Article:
Today’s Wonder of the Day was inspired by Wonder. Wonder Wonders, “What is piragua?” Thanks for WONDERing with us, Wonder!
How do you cool off on a hot summer day? Do you go for a dip in the pool? Find a place in the shade? Maybe you grab a big glass of water or even an ice cream cone. Or perhaps you’re a fan of the frozen treat at the center of today’s Wonder of the Day—piragua!
Have you ever eaten a piragua? If so, you know there aren’t many tastier ways to treat yourself on a warm day. If not, you may be WONDERing what we’re talking about. The piragua is a flavored shaved ice that originated on the archipelago of Puerto Rico.
However, the piragua isn’t just any other snow cone or cup of shaved ice. Unlike these, the piragua takes a distinctive pyramid shape. It’s also eaten using a straw (or even just the mouth!) instead of with a spoon.
The shape of this frozen snack is also where it got its name. It’s a combination of two Spanish words: pirámide (pyramid) and agua (water). In most other Spanish-speaking regions, the word is used to describe pyramid-shaped boats that look a bit like canoes.
In Puerto Rico, though, there’s no confusing a piragua for a boat. On the hottest days, piragüeros (people who sell piraguas) populate the streets and sidewalks. They stand at their carts below umbrellas that protect them from the Sun.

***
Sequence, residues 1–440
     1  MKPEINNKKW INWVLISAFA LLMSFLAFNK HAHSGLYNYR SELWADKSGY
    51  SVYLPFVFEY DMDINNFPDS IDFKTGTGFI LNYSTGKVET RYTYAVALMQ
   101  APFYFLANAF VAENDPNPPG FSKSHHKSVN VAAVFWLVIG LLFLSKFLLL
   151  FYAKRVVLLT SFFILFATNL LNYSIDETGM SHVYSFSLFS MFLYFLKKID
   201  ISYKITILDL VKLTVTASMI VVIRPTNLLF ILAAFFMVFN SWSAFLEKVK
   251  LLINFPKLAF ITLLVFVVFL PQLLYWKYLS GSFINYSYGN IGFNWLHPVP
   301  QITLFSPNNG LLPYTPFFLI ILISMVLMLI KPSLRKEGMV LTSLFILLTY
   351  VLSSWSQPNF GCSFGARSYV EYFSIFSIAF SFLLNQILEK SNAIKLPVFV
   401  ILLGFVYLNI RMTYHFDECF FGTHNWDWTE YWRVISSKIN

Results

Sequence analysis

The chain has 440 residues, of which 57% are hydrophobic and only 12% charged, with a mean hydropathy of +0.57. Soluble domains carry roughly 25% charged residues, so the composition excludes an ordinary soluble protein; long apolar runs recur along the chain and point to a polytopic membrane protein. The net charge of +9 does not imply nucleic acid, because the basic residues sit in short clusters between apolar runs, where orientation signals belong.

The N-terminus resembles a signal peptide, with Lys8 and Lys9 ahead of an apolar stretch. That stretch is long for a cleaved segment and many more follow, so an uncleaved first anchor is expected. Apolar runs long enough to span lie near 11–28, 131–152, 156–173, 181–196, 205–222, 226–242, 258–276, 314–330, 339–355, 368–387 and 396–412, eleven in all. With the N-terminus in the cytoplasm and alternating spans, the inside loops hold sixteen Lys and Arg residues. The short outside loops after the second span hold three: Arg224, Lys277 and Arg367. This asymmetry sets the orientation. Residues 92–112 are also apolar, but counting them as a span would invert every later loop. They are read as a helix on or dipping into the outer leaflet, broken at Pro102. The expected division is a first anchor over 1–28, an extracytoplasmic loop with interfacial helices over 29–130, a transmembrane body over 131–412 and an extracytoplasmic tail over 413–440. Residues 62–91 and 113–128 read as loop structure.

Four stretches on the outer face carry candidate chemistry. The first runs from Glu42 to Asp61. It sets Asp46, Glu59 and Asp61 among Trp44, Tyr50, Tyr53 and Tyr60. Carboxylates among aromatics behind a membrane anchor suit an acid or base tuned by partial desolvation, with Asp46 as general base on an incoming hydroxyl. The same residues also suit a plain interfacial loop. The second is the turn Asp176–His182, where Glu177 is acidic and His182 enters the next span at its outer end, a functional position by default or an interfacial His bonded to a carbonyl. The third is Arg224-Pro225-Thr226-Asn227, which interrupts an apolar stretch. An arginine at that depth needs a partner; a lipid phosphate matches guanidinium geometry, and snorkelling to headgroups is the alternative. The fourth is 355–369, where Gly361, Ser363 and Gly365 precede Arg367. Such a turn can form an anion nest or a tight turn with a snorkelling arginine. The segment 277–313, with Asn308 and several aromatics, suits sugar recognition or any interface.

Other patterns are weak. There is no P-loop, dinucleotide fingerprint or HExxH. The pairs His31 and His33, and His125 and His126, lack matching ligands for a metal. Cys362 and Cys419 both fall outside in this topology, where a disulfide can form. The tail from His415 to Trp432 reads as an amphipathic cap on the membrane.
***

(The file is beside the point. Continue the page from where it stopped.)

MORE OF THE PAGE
Most piragüeros make each piragua when it’s ordered so that they are fresh. They even shave the ice by hand! Most often, they use a hand-held tool to shave directly from a large block of ice. Then, they place the ice in a cone and shape it into a pyramid. Last, they add flavored syrup.
What flavors do piraguas come in? Just about any that you can imagine! Popular flavors include cherry, coconut, and lemon. Many people prefer cream piragua, which some compare to vanilla ice cream. Other popular choices include strawberry, anise, and passion fruit.
For many Puerto Ricans, piraguas and piragüeros are an important part of the island’s culture. They’re an essential part of summer in the region. Of course, these frozen treats have also become popular in other areas, spread by people of Puerto Rican descent.
You may see piragüeros in many parts of New York City, Chicago, and Miami. They’re especially common in areas with large populations of people with Puerto Rican heritage.
Many people also make piraguas at home. The traditional method is to use a hand-held ice shaving tool, just like a piragüero. However, mechanical ice shavers are also available. Once the ice is prepared and shaped, there’s just one thing left to do. Add the flavor of your choice, and dig in.
Have you ever eaten a piragua? Would you like to? Who knows? You might just find your new favorite frozen treat!
Standards: CCRA.L.3, CCRA.L.6, CCRA.R.1, CCRA.R.2, CCRA.R.4, CCRA.R.10, CCRA.SL.1, CCRA.SL.3, CCRA.W.1, CCRA.W.4, CCRA.L.1, CCRA.SL.3, NCAS.A.1, NCAS.A.2, NCAS.A.3